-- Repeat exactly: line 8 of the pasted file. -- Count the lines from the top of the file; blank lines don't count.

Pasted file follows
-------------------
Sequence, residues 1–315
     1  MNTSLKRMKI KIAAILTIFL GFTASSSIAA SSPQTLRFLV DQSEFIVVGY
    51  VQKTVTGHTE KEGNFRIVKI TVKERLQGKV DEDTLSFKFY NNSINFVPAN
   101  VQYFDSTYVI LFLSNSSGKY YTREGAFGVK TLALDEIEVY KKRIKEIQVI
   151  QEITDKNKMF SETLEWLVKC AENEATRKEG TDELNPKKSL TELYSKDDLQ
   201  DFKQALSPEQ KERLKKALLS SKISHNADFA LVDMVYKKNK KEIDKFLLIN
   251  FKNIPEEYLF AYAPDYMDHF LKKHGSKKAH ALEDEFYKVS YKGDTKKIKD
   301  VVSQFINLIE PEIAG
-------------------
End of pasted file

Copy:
   301  VVSQFINLIE PEIAG